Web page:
0
$\begingroup$

my question is quite easy(I think). I understand how to apply 4th order Runge Kutta and understand the principle of taylor series (the Mc lauren to be precise) . But I cannot fully understand how the formula of taylor series results in the algorithm/applied formulas of Runge Kutta.

What is the actual relation? I think Runge Kutta is based on Taylor series, right?

$\endgroup$
  • 1
    $\begingroup$ This is a rather complicated story, see the textbook of your choice or directly from the inventor of the systematic method math.auckland.ac.nz/~butcher/ODE-book-2008/Tutorials some slides explaining the conditions for the lower order (including 4) methods. $\endgroup$ – Lutz Lehmann May 2 '15 at 18:04
0
$\begingroup$

Some easy computations to verify the order of the method, it is by far not a proof but shows why the two steps at time increment $h/2$ are needed: Consider a linear system $y'=f(x,y)=Ay$ with an $n\times n$ matrix $A$. Then \begin{align} k_1&=f(x,y)&&=Ay\\ k_2&=f(x+h/2, y+h/2·k_1)&&=Ay+\frac h2 A^2y\\ k_3&=f(x+h/2, y+h/2·k_2)&&=Ay+\frac h2 A^2y+\frac{h^2}4 A^3y\\ k_4&=f(x+h, y+h·k_3) &&=Ay+hA^2y+\frac{h^2}2A^3y+\frac{h^3}4A^4y\\ \\ y_+&=y+\frac h6·(k_1+2k_2+2k_3+k_4)&&=y+hAy+\frac{h^2}2A^2y+\frac{h^3}6A^3y+\frac{h^4}{24}A^4y \end{align} which gives the exact partial sum of degree $4$ for the matrix exponential $e^{hA}$ of the exact solution. Which means that the local error is $O(h^5)$, as necessary for a method of order $4$.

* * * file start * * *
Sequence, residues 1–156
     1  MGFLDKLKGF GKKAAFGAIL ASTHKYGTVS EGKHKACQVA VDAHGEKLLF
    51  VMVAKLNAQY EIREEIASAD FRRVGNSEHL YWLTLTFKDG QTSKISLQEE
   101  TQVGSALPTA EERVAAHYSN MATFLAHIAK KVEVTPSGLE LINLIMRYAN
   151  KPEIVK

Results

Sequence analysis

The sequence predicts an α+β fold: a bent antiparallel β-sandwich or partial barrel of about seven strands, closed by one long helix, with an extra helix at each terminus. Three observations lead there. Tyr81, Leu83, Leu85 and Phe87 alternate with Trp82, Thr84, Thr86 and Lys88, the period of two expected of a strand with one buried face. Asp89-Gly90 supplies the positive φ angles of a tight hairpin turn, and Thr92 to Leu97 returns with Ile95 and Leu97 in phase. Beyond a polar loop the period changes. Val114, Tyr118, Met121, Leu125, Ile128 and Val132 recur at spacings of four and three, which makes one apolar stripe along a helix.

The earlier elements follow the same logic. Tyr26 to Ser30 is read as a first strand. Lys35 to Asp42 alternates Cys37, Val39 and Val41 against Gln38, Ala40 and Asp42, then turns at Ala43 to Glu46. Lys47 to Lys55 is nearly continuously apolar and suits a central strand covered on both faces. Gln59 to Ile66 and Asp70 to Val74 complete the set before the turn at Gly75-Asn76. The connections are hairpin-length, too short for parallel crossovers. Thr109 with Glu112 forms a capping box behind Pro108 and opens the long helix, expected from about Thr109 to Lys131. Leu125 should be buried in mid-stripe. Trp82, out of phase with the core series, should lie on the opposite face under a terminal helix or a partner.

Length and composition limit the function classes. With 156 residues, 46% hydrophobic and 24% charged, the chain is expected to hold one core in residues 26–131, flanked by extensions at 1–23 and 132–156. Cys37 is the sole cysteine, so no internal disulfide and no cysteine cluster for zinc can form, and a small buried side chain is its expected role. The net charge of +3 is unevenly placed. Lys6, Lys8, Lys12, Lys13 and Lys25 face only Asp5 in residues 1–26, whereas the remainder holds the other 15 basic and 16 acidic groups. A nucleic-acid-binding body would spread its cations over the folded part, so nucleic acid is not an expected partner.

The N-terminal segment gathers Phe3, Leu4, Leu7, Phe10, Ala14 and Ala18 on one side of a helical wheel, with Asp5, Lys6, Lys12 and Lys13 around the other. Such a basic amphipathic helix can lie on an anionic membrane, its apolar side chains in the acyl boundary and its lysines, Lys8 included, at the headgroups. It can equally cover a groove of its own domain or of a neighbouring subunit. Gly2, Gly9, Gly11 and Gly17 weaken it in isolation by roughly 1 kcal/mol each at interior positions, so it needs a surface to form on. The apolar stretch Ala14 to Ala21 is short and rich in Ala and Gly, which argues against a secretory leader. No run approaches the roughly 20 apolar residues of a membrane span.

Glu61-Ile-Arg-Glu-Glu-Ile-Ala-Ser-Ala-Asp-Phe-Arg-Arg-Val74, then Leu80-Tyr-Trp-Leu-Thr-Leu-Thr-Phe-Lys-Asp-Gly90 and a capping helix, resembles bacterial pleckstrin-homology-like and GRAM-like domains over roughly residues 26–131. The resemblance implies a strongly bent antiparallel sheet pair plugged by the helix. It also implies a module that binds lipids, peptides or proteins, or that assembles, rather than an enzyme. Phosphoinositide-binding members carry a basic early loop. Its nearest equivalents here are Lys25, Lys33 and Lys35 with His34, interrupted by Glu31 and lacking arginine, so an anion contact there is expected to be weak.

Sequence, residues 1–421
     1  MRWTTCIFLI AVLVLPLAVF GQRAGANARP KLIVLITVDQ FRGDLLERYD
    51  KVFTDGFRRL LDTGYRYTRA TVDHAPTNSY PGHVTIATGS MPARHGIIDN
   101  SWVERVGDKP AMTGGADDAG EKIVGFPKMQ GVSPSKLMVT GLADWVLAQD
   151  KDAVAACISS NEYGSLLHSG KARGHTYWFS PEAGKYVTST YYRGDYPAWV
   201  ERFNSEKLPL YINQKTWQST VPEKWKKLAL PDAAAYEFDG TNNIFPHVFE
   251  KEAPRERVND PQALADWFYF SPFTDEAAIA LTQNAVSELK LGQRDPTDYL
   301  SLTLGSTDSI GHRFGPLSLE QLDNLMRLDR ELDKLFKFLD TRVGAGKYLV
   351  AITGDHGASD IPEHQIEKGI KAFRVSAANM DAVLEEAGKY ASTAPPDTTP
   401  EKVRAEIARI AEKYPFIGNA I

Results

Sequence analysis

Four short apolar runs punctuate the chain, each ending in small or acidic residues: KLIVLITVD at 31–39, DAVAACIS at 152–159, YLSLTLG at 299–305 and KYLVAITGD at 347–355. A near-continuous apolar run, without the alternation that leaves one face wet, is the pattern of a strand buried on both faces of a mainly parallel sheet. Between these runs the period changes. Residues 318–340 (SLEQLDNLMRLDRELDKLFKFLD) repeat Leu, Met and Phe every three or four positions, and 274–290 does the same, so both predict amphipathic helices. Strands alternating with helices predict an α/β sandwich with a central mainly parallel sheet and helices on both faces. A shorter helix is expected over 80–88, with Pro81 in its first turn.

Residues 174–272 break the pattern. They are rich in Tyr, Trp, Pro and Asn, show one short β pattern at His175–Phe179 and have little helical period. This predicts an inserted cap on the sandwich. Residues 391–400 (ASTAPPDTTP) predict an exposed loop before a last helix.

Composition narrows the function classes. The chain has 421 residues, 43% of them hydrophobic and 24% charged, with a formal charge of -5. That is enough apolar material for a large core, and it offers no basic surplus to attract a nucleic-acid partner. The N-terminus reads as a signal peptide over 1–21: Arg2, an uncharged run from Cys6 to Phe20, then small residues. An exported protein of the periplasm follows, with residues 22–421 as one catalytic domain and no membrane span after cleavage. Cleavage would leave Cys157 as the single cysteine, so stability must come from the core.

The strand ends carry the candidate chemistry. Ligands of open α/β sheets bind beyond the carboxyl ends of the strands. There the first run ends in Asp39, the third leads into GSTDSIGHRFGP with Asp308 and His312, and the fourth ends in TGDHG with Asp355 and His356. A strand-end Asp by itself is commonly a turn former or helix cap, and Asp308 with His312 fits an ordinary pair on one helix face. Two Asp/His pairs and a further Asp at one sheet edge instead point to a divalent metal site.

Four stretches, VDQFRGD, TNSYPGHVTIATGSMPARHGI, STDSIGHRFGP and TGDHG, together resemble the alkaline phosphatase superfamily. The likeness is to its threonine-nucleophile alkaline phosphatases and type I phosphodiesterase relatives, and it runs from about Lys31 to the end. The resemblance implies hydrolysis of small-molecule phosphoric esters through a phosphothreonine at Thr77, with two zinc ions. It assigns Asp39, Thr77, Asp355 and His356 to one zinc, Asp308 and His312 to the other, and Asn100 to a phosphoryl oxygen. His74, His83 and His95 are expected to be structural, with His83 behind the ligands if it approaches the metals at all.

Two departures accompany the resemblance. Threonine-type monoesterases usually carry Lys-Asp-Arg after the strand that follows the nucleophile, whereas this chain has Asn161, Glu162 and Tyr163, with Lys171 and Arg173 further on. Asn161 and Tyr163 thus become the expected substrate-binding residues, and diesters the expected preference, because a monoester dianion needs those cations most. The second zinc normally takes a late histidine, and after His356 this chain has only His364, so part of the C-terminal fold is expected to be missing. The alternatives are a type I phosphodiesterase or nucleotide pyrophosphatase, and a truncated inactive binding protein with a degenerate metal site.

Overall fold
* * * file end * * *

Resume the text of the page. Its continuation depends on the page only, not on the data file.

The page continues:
$\endgroup$

Not the answer you're looking for? Browse other questions tagged or ask your own question.